Dublin, the capital of Eire, the Republic of Ireland. It’s a great walking city, and boy, did I do a lot of walking. 

Dublin’s one of the world’s great Georgian cities (mid- to late-18th century). There are many sections of Georgian terraces remaining - what we would call "row houses". 

  While the houses in each terrace are pretty much the same along the street, each door is different.

The story goes that late one night a Dubliner had had a bit too much of the black stuff...


... so when he came home, given the similarity of all the terrace houses, he stumbled into the wrong house and into the wrong bed. The following morning, all the women of Dublin went out and painted the doors different colors. An alternate story says that upon the death of Queen Victoria, the Irish were ordered to paint their doors black in mourning. They immediately went out and got the brightest colors possible to repaint their doors... 

Take your pick. 

"Cockles and mussels, alive, alive-o" - Molly Malone still pushes her barrow, at the foot of Grafton Street.

There are sculptures all over Dublin - this is Oscar Wilde's statue in Merrion Square Park.

"The Hags with the Bags" - located just north of the corner of Liffey Street Lower and Bachelors Walk, across from the northern end of Ha'penny Bridge

"Anna Livia" - scupture representing the River Liffey, located in a little triangular park between Parkgate Street and Wolfe Tone Quay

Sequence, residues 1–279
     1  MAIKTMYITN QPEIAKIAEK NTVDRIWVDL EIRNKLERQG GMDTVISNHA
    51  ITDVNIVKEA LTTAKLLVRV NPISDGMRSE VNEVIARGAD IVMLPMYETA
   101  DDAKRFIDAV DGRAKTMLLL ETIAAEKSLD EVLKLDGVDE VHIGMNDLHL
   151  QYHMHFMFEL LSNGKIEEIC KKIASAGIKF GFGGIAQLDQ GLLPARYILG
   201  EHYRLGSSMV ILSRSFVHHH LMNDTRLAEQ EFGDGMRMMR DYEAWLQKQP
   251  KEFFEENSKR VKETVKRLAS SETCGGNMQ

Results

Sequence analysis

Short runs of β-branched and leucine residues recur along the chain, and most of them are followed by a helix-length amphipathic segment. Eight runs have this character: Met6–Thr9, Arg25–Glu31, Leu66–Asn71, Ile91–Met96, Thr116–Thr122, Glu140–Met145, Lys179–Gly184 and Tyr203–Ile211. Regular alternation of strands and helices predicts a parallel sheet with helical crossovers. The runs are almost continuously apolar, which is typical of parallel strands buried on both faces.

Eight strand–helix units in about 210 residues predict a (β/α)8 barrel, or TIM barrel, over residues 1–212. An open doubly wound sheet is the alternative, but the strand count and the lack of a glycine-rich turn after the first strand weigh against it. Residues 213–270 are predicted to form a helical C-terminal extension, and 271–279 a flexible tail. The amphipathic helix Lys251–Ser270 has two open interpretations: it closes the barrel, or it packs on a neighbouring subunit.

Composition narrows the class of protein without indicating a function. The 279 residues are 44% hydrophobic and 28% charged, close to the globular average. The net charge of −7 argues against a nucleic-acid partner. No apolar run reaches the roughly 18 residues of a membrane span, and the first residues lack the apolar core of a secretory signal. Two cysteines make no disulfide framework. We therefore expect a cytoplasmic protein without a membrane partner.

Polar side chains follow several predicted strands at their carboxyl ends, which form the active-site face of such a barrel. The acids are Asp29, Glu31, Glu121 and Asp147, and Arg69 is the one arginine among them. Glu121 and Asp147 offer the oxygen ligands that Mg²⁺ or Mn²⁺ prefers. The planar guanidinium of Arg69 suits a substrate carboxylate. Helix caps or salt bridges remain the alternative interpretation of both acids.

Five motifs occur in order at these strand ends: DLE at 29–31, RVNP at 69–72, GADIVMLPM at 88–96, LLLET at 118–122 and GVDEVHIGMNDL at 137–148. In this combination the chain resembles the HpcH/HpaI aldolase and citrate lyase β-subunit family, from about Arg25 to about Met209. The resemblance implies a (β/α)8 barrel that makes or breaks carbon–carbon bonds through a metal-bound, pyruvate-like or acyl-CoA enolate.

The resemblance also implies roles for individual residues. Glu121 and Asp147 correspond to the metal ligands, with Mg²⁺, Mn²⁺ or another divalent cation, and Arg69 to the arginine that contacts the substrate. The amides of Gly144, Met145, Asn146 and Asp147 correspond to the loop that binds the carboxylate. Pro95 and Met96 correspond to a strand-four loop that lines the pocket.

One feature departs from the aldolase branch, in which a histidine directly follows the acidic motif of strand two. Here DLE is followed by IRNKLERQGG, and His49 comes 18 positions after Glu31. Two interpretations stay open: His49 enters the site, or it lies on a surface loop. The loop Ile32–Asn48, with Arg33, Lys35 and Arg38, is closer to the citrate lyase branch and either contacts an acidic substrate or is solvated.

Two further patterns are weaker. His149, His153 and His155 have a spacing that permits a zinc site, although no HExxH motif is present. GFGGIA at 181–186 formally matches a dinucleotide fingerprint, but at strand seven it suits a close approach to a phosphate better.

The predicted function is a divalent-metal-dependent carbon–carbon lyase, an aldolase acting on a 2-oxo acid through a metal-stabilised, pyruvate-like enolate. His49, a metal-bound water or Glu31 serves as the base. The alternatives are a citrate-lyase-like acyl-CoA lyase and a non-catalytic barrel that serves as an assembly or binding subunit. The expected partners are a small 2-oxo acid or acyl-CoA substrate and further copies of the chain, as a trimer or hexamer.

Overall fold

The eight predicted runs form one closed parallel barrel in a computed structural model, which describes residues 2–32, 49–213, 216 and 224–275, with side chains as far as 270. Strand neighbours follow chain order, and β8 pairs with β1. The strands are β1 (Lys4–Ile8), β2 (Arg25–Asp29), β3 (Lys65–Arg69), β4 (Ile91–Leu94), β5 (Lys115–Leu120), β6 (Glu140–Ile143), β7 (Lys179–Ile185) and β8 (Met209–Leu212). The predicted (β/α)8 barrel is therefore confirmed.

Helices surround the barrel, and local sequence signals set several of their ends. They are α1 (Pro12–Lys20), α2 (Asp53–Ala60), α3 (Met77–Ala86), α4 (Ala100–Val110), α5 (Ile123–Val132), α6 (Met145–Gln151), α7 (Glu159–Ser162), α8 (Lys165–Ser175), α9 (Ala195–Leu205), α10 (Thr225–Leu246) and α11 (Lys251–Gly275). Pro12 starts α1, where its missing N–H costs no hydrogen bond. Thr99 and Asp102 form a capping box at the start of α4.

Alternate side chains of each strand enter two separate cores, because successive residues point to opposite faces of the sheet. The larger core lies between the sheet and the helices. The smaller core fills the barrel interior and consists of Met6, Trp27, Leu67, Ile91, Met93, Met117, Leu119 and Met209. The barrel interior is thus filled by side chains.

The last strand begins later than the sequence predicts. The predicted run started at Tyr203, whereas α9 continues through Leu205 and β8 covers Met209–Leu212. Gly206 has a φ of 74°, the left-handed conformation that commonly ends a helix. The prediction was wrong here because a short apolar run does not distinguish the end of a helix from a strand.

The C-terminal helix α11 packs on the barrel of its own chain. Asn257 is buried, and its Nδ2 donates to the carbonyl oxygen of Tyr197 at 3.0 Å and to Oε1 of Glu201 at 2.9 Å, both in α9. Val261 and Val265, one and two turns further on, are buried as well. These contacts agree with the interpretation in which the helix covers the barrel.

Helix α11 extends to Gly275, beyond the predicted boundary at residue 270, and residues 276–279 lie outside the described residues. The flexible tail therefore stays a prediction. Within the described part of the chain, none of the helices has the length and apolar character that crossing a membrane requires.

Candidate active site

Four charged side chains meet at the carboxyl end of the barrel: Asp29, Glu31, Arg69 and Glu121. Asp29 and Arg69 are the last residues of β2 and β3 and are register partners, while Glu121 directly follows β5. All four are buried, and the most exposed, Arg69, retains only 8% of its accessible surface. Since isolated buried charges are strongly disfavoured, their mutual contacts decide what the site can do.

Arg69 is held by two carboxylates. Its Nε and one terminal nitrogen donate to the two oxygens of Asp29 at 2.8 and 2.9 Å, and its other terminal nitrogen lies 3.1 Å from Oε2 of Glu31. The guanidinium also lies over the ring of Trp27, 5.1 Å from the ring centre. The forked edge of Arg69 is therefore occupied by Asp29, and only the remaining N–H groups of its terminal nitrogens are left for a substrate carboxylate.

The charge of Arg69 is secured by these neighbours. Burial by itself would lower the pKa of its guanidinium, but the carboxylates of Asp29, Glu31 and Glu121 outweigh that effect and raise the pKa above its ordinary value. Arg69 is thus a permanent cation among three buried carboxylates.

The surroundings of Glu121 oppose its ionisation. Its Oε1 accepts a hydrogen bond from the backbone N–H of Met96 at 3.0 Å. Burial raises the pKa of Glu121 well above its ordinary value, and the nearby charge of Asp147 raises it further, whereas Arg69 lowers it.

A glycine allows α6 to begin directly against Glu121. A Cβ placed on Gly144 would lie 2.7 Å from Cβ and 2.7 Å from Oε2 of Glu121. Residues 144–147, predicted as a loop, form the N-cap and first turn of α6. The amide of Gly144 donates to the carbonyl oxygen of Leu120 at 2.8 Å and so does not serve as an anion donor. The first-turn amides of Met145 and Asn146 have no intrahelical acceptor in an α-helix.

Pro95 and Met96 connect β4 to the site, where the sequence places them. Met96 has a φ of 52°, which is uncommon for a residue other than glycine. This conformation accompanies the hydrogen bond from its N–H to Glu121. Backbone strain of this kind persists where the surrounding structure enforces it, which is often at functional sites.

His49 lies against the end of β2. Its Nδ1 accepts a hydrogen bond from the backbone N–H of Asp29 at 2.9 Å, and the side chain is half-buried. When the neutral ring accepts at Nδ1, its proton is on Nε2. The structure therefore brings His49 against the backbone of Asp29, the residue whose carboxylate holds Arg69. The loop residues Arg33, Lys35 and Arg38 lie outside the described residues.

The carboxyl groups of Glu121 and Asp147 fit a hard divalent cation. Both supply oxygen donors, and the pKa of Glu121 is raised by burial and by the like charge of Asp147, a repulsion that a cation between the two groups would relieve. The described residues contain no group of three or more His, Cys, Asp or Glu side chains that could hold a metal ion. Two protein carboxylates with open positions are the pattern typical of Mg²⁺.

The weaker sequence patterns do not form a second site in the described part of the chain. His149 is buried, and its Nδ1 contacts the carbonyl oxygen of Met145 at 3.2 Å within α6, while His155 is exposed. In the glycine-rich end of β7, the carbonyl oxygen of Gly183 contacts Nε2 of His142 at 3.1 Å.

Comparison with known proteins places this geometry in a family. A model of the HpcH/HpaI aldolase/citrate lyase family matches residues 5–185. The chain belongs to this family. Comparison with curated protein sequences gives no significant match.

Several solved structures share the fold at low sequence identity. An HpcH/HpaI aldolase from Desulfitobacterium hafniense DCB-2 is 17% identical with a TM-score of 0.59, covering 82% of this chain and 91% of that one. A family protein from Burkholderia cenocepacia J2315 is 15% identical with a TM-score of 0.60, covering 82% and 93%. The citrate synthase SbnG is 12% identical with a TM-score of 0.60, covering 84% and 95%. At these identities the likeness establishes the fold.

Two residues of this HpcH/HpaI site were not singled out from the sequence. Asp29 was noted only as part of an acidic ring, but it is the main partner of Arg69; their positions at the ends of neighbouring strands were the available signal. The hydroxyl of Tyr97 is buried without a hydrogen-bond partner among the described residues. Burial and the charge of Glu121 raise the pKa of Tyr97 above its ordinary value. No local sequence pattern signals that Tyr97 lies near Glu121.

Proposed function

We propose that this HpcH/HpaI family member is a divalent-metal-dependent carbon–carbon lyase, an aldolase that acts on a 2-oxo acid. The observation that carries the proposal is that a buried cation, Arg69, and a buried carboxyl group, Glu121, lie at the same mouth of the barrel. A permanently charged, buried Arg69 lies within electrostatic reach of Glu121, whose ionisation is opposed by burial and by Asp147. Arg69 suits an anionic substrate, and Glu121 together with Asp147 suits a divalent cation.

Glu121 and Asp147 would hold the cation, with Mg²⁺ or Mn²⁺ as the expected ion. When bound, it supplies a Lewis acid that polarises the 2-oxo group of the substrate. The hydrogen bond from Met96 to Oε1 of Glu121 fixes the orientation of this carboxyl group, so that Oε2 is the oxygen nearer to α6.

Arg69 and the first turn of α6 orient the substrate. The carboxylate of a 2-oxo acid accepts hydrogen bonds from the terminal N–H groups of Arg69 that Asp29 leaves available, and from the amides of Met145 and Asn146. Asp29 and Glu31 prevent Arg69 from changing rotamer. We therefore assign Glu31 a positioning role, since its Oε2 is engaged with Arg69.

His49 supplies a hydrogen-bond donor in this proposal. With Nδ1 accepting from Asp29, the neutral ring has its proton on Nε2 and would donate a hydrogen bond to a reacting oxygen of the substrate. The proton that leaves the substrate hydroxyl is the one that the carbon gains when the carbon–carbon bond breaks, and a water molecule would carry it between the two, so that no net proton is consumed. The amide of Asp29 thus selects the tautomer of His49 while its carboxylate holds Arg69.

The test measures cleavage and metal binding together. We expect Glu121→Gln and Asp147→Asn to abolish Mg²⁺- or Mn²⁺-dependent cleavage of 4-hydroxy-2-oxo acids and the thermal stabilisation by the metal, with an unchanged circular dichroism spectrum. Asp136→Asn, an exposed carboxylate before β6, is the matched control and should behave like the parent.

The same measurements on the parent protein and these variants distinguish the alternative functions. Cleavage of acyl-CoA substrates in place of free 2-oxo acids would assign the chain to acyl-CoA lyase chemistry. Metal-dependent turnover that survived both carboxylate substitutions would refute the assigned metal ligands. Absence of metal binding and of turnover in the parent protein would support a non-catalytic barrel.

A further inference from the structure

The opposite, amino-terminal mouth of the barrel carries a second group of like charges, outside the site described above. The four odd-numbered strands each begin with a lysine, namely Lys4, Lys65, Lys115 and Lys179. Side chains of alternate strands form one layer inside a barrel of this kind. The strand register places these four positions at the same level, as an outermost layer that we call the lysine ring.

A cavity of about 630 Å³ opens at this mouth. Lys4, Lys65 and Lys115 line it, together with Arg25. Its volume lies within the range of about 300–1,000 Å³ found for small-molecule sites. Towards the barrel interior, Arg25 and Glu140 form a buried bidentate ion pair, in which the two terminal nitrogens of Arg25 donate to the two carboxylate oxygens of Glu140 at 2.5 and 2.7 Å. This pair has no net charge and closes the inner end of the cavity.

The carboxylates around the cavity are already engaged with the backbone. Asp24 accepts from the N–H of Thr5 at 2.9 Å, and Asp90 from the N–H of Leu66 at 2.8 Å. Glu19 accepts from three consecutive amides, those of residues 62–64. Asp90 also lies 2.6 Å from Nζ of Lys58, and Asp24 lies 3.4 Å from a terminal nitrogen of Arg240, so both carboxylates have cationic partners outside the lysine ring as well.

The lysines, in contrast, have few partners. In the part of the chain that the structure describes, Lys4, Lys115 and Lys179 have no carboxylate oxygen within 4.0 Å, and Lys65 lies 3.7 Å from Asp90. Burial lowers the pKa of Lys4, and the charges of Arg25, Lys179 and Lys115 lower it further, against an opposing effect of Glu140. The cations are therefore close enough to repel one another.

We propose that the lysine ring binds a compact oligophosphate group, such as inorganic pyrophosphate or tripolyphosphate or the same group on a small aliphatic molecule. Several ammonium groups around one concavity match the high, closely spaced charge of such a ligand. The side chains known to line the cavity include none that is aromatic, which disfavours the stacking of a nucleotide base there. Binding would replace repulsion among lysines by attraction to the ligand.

"The Linesman" - another of Dublin's street sculptures, on City Quay along the Liffey, showing ordinary Dublin life of long ago. 

The Famine Memorial - haunting statues of emaciated refugees from the Potato Famine of the 1840's - located on Custom House Quay

Kilmainham Gaol - this section, the "Panopticon" was the cutting edge of penal technology in the 19th century. 
A guard on the bridge could see all of the cells. 

At this spot in the Kilmainham Gaol yard, the leaders of the 1916 Easter Rising were executed. 

The General Post Office (GPO) was the place where the 1916 Rising started. It was destroyed in the rising, but rebuilt after Independence. There are still bullet holes in the columns. 
"Big Jim" Larkin was a labor leader, active in the early part of the 20th century. 

Kids at play in Merrion Square Park

The Ha'penny Bridge over the Liffey was one of the earliest cast-iron bridges in the world.
Its name derives from the original toll to cross - one half penny. 

Temple Bar

Walking along the south bank of the Liffey, just west of O'Connell Street bridge

The Custom House

The Samuel Beckett Bridge on the Liffey, built in 2009, is supposed to evoke the image of a harp, symbol of Ireland. The bridge can open to allow traffic to pass. 
The sailing ship is the Jeanie Johnston tall ship, which also serves as a famine museum. 

The main shopping streets in central Dublin - Grafton and St. Ann's - have been turned into pedestrian malls during the day. 

The interior of St. Ann's Church. To the left of the altar is a shelf where loaves of bread have been left for the poor since the mid-18th century, courtesy of a bequest from Lord Newtown of Newtown. 

Christ Church Cathedral - officially "Cathedral of the Holy Trinity" - is one of two cathedrals in Dublin, both Church of Ireland. 

The interior of Christ Church. The current building was built between the 12th and 14th centuries.
During my 2008 trip, I was fortunate enough to be able to attend a choir service at the Church. It's a rare experience for a tourist to see a medieval cathedral in use as it was intended to be.